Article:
Monday, July 20, 2009

Mae Brussell

This is from Mae Brussell's website. I have only just come across her site. I urge you study her site and read the articles thereon.
Before Greece the domain of intellect belonged to the priests. They were the intellectual class of Egypt. Their power was tremendous. Kings were subject to it. Great men must have built up that mighty organization, great minds, keen intellects, but what they learned of old truth and what they discovered of new truth was valued as it increased the prestige of the organization. And since Truth is a jealous mistress and will reveal herself not a whit to any but a disinterested seeker, as the power of the priesthood grew and any idea that tended to weaken it met with a cold reception, the priests must fairly soon have become sorry intellectualists, guardians only of what seekers of old had found, never using their own minds with freedom.
There was another result no less inevitable: all they knew must be kept jealously within the organization. To teach the people so that they would begin to think for themselves, would be to destroy the surest prop of their power. No one except themselves must have knowledge, for to be ignorant is to be afraid, and in the dark mystery of the unknown a man cannot find his way alone. He must have guides to speak to him with authority. Ignorance was the foundation upon which the priest-power rested. In truth, the two, the mystery and those who dealt in it, reinforced each other in such sort that each appears both the cause and the effect of the other. The power of the priest depended upon the darkness of the mystery; his effort must ever be directed toward increasing it and opposing any attempt to throw light upon it. The humble role played by the reason in the ancient world was assigned by an authority there was no appeal against. It determined the scope of thought and the scope of art as well, with an absolutism never questioned.
We know of one man, to be sure, who set himself against it. For a few years the power of the Pharaoh was pitted against the power of the priests and the Pharaoh won out. The familiar story of Akhenaton, who dared to think for himself and who built a city to enshrine and propagate the worship of the one and only God, might appear to point to weakness in the great priestly body, but the proof is, in point of fact, rather the other way about. The priests were men deeply learned and experienced in human nature. They waited. The man of independent thought had only a very brief reign --did his contests with the priests wear him out, one wonders? --and after his death nothing of what he had stood for was allowed to remain. The priests took possession of his successor. They erased his very name from the monuments. He had never really touched their power.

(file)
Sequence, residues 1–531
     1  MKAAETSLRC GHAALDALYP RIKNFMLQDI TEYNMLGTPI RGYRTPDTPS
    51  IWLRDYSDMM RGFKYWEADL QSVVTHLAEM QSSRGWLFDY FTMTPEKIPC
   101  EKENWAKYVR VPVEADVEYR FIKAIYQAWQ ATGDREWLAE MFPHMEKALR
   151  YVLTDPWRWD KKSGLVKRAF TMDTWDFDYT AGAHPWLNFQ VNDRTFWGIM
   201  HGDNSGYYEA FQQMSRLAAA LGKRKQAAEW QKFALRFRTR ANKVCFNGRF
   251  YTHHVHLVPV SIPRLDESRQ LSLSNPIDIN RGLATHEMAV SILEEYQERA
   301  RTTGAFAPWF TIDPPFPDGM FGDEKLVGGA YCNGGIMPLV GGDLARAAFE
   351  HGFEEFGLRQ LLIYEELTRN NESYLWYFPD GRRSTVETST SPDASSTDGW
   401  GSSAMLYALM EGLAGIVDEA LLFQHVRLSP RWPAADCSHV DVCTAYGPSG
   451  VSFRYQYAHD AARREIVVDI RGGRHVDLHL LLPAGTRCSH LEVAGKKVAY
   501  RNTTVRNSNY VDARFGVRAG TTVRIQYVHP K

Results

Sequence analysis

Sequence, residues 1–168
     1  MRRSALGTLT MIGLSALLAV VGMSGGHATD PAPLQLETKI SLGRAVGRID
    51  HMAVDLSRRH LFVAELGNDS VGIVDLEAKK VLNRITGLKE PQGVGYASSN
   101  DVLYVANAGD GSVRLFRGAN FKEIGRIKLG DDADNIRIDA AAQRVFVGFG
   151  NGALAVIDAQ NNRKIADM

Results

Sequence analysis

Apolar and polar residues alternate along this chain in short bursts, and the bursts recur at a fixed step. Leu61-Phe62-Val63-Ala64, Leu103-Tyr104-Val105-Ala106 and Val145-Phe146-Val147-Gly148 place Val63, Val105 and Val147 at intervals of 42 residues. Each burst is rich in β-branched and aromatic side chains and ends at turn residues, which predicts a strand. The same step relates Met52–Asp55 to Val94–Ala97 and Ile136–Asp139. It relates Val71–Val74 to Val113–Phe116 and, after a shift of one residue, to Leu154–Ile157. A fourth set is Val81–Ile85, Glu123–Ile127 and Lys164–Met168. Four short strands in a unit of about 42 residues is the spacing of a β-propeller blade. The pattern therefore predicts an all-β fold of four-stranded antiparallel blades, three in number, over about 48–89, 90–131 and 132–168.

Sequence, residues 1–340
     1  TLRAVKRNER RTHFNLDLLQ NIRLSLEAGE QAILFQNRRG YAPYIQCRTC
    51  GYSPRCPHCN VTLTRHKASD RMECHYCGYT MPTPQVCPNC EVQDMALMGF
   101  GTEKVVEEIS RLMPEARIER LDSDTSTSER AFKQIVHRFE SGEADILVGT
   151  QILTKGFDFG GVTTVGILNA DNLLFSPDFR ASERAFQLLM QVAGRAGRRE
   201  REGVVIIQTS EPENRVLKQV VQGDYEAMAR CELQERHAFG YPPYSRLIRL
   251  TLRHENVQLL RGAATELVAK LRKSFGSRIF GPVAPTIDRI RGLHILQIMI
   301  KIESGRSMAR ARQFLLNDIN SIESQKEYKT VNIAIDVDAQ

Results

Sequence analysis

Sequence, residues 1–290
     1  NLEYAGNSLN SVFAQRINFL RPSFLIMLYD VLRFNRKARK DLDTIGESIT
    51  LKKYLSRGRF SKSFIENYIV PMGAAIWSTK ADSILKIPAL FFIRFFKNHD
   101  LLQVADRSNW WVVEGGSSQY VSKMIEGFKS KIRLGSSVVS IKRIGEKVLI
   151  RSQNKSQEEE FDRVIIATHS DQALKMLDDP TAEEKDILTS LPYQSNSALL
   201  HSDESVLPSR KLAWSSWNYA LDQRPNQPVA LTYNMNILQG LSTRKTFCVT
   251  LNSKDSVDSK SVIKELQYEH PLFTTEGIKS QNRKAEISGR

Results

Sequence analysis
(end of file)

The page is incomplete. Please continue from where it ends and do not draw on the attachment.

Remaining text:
But whatever their attitude to this autocrat or that, autocratic government never failed to command the priests' allegiance. They were ever the support of the throne as well as the power above it. Their instinct was sure: the misery of the people was the opportunity of the priest. Not only an ignorant populace but one subjugated and wretched was their guarantee. With men's thoughts directed more and more toward the unseen world, and with the keys to it firmly in their own grasp, their terrific power was assured.

From the book The Greek Way
by Edith Hamilton

Could this be the beginning of what is now called The New World Order, the Illuminati, Bilderbergers, etc. etc.? Not really a conspiracy as such but what started as a way of life, a system, that has now got out of control, so that the ones with the greatest money supply feel threatened by those without? Power corrupts and absolute power corrupts absolutely? As Lord Acton {John Emerich Edward Dalberg Acton, first Baron Acton (1834–1902} wrote in a letter to Bishop Mandell Creighton in 1887.
"Power tends to corrupt, and absolute power corrupts absolutely. Great men are almost always bad men."

An interesting observation, is it not?

From the Phrase Finder. Note the date. These excerpts are all symptoms of the Power Underground ~ now in its final throes ~ of the Mayan Calendars.
Another English politician with no shortage of names - William Pitt, the Elder, The Earl of Chatham and British Prime Minister from 1766 to 1778, is sometimes wrongly attributed as the source.

He did say something similar, in a speech to the UK House of Lords in 1770: "Unlimited power is apt to corrupt the minds of those who possess it"

No comments:

Post a Comment